side of her body and ultimately restrains her to a wheelchair. She makes her husband promise that no matter what happens, he is never to bring her to a hospital again. As time progresses she becomes fragile and tired, eventually suffering from a second stroke. Georges then hires a nurse to help him take care of his nowimmobile wife. As the film progresses, we play witness to the burdened journey of a man losing his soul mate, slowly, vexingly before his eyes. Haneke brilliantly contrasts moments of incredible sadness with small, tender glimpses of joy. It’s a film that is measured and deliberate, mirroring a woman’s external battle with body and a husband’s internal war of heart — a heart unwilling to break a promise. At its very core, Amour is a haunting and beautiful love story. For many it echoes the lives of grandparents and parents, family and friends. For myself, it offered thoughts of my senior years, still far from reality but fated, nonethe-less. I left the theatre hoping that I, like Anne, will one day be blessed enough to have someone

who loves me enough to take care of me should I ever fall sick. I also left hoping that neither my future partner nor I will ever have to endure the agony of losing one another in such a slow and painful way. Hollywood often depicts tales of romance and chooses to tell the journey rather than the destination. Most of us hope to find love in our lifetime. We hold in our hearts dreams of romance, idealizing a relationship with our perfect match. Not often however, do stories remind us that life-long love is, in actuality, only as long as time allows. Haneke bravely reminds us of the painful caveat in the phrase “happily ever after.” Amour is a gorgeous tale of love that will linger in your thoughts long after the credits roll. Trintignant delivers a powerful performance as the adoring, yet helpless husband and Riva helps you understand how Anne feels — trapped and isolated by her body. Although a dark, and at certain points depressing, story, in the end Haneke leaves you with a few moments of happiness that might just be enough.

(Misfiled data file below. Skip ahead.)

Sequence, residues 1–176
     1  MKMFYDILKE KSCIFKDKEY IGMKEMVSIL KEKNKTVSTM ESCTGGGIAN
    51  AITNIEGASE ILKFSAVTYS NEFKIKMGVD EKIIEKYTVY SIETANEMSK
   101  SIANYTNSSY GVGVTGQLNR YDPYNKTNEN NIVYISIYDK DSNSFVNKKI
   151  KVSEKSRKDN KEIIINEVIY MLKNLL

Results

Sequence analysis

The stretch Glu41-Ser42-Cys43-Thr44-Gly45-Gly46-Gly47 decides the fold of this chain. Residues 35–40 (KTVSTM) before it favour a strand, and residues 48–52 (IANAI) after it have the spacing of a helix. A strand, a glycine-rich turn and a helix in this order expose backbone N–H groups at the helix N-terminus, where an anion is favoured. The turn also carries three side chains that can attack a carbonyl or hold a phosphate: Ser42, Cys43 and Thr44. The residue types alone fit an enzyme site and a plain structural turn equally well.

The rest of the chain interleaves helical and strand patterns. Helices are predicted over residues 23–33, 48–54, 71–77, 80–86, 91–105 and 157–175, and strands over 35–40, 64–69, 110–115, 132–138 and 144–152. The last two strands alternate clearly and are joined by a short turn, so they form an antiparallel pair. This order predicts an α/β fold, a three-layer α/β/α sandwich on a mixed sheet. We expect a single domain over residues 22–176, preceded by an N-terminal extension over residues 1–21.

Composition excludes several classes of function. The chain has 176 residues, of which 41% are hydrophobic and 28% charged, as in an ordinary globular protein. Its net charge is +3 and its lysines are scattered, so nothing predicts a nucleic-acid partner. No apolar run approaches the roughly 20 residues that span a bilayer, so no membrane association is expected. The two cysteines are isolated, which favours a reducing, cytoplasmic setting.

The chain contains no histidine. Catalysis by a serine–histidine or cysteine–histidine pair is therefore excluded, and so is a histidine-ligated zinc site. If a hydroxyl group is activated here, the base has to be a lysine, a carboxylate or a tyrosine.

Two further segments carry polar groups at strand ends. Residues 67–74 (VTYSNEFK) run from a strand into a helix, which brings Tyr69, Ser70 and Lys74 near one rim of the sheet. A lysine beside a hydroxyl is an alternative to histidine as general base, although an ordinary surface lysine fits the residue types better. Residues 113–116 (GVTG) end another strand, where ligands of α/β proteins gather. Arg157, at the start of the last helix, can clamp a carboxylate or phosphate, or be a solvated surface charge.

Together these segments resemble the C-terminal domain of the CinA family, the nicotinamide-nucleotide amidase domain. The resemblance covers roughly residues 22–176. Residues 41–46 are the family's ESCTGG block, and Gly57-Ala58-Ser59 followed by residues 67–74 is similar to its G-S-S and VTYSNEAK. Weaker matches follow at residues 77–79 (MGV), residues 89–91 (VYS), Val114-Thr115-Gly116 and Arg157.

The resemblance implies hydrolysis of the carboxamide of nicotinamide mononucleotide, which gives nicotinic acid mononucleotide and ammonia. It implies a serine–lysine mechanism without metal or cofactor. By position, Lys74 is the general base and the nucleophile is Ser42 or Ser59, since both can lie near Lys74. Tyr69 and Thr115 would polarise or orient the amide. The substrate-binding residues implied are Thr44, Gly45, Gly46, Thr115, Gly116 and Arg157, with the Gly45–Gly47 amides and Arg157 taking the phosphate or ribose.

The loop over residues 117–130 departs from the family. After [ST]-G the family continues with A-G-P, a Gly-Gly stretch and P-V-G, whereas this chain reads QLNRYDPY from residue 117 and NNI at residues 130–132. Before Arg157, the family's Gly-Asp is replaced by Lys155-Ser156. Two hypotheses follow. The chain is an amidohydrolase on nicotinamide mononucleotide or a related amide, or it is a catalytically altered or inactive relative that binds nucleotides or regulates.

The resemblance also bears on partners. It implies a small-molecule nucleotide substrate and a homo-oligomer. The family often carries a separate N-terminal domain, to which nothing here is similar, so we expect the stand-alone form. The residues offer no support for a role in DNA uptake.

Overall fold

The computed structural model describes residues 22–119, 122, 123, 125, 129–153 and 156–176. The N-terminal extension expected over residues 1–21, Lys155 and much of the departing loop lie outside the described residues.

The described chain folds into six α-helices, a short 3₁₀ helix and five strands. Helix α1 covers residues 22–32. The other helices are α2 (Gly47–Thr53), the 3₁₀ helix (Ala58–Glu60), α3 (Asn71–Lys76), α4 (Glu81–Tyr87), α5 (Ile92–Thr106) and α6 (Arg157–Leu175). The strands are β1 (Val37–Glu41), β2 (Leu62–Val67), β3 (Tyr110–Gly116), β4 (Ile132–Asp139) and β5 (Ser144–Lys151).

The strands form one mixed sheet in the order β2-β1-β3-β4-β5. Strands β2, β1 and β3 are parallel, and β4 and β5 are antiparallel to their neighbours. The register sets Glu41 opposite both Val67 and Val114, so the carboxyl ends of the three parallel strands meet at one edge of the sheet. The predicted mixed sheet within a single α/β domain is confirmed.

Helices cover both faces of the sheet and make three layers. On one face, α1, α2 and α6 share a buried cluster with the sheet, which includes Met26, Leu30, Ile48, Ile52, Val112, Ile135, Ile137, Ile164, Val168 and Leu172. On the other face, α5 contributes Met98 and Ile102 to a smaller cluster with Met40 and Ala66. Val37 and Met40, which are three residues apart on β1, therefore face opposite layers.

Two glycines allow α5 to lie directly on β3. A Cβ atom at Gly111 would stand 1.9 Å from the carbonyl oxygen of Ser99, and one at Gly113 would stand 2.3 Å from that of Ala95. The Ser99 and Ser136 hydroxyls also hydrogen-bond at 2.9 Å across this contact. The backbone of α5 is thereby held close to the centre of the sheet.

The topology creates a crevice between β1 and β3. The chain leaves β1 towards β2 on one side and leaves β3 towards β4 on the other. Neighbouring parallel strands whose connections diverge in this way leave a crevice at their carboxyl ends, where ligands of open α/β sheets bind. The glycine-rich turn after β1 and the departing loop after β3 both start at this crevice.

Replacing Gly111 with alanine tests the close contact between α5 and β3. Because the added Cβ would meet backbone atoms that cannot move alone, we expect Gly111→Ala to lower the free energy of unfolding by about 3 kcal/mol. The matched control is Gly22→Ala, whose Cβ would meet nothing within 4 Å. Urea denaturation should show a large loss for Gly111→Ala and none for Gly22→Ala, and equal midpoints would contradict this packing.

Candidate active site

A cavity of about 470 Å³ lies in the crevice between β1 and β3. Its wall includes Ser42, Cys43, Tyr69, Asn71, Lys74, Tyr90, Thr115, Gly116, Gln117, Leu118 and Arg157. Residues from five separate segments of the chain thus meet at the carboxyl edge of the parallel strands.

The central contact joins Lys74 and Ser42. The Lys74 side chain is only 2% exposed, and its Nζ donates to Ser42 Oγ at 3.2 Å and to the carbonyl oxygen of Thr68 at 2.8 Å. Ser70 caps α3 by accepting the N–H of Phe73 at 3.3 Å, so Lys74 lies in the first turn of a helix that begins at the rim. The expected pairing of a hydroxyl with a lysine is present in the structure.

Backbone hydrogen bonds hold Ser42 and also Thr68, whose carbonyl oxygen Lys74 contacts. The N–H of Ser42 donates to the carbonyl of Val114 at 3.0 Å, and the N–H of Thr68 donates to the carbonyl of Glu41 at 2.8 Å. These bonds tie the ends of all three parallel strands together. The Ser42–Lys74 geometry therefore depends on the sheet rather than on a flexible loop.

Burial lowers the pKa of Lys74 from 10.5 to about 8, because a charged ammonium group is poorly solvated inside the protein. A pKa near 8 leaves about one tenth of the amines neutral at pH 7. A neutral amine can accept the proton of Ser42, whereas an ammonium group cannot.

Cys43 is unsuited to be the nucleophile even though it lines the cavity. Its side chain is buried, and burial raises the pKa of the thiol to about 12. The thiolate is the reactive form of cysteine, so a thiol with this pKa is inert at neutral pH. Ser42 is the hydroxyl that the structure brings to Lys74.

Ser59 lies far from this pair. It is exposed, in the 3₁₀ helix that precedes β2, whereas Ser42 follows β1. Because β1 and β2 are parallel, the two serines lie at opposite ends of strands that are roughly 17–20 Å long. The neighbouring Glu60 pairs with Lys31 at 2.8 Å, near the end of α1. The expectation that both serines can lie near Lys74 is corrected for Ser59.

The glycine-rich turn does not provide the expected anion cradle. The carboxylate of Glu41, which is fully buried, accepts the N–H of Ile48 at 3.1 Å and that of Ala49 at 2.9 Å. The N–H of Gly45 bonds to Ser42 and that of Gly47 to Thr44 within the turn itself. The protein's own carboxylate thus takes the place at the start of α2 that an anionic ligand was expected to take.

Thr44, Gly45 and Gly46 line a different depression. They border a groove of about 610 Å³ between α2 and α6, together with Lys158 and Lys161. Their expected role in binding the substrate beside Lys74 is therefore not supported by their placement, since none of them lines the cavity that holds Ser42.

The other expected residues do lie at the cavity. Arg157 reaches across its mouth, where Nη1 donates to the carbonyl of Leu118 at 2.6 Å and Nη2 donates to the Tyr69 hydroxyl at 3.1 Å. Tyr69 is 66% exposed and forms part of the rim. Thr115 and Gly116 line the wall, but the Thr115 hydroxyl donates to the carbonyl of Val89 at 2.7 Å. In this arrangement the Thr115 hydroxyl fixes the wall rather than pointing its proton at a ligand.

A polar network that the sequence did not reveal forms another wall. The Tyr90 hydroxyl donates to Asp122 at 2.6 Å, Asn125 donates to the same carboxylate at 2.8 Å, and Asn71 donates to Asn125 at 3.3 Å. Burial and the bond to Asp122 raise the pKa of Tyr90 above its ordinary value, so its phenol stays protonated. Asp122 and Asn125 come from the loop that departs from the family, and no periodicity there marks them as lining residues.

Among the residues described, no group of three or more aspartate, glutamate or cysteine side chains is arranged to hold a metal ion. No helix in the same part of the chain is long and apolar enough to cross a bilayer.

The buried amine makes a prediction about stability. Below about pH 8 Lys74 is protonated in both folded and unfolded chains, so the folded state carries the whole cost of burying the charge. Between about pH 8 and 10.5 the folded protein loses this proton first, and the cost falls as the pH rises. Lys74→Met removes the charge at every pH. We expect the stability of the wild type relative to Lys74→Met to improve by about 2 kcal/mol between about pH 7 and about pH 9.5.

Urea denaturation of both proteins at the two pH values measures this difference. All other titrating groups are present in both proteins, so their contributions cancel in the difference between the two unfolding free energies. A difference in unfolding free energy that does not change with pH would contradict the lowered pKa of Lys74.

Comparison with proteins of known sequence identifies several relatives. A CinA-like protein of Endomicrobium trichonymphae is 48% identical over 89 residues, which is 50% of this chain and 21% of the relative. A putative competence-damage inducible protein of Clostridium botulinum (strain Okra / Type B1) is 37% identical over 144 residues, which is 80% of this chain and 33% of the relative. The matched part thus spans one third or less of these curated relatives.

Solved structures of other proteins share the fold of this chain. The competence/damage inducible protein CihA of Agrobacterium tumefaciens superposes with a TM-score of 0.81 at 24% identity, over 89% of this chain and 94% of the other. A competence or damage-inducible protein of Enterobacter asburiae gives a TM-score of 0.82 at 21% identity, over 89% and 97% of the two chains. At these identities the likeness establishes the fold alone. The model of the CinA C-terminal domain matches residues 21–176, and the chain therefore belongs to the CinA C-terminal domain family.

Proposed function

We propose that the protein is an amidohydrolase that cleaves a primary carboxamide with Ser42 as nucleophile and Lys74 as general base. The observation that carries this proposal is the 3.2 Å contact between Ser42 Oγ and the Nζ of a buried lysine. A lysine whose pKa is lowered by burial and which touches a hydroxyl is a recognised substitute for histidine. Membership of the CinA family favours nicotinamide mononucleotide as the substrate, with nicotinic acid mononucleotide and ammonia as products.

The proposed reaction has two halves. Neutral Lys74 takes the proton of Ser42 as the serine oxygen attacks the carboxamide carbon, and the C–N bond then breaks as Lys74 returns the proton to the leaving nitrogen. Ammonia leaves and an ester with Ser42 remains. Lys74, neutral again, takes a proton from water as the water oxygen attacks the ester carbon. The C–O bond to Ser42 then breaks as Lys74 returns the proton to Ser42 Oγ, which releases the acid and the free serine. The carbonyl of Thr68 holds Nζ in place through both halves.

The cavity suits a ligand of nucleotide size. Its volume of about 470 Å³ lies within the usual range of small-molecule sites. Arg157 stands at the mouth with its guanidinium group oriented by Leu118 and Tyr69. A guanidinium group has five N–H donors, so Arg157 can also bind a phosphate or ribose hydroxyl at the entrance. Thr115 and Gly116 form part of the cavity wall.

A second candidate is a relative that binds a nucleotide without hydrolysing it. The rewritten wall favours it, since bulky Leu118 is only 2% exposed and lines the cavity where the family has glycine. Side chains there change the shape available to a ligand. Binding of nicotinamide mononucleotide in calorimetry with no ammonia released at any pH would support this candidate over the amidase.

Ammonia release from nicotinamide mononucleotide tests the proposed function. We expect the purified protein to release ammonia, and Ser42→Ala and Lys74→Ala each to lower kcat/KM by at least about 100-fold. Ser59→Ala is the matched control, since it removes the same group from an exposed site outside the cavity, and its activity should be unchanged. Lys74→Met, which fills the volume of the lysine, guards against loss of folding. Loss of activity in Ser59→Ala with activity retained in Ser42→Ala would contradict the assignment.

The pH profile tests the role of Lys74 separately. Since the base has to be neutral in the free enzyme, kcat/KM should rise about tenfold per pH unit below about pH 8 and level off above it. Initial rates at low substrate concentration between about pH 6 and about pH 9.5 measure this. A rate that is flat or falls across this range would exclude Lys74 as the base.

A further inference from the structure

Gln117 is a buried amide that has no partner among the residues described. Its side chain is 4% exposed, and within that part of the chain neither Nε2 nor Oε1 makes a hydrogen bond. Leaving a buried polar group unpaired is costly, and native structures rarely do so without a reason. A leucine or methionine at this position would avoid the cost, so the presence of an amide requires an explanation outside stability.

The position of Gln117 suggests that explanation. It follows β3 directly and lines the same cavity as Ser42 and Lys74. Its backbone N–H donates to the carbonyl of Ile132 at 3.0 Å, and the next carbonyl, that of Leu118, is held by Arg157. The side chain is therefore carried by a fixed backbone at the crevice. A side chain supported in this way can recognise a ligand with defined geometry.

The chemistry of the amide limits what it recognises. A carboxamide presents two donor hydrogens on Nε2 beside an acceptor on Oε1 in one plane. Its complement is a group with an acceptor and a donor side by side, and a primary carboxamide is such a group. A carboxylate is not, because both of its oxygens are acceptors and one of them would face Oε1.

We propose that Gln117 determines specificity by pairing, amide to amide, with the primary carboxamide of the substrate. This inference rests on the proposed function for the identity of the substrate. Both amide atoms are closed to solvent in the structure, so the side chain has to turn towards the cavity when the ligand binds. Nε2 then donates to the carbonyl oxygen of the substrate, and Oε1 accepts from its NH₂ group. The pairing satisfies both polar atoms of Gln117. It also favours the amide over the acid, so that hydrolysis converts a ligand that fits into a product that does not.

—PHOTO COURTESY ZENTROPA ENTERTAINMENTS


9

The Omega · Volume 22, Issue 23

War Witch

Jessica Klymchuk Ω Contributor

Canadian director Kim Nguyen presents a culturally authentic depiction of the devastation faced by youth rebels in War Witch. Rachel Mwanza makes her screen debut as Komona, a 14-year-old girl who plainly narrates the film, telling her story to her unborn child. Komona’s simple narration is mirrored by the blunt horrors of her life as a child soldier in Africa. Komona is 12 when rebel soldiers ambush her village and force her to kill her parents. She is adopted into the rebel army where she is given an AK-47 and taught to kill. The rebels drink white tree sap, “magic milk,” with seemingly hallucinogenic side effects and Komona begins seeing ghosts that warn her when government soldiers are near, earning her the name “war witch” from Great Tiger, the rebel leader. Among the ghosts of past soldiers are her parents, who continuously haunt her. Amidst the terror of war, however, blossoms a love story between Komona and fellow youth rebel Magician, played by Serge Kanyinda. When Magician convinces Komona that eventually Great Tiger will kill them, like he has others, they run away together. This is where War Witch takes an unexpected lighter, even humorous,

tone as Magician searches for the white rooster Komona tells him he needs to find in order to marry her, like her father used to say. He is laughed at by villagers and told the white rooster is a myth but he searches until he finds one, proving his love through his relentless determination. When the young married couple returns to Magician’s uncle, a world of order is restored and rebellion seems further away than ever. This proves to be a short-lived fantasy and the grip of war once again becomes their grim reality. In a film so plagued by death it is remarkable how the subject is dealt with delicately and without the gore that is typically presumed. There is very little blood, but poignant images of violence still resonate from the scenes. It is not sensationalistic, but genuine. There are several aspects of the film that build its authentic nature; sorcery is an unexpected cultural element. At one point Magician presents Komona with a grigri, an amulet meant to protect the wearer from evil. There is also a ceremonious style to the way the rebel children are first presented with their weapons. The sorcery adds a religious layer that intensifies the reality of each situation. The ghosts Komona sees are uniquely realistic. They are the dead themselves covered in white clay or paint with zombie-glazed eyes. They parallel well with

Boy Brendan Kergin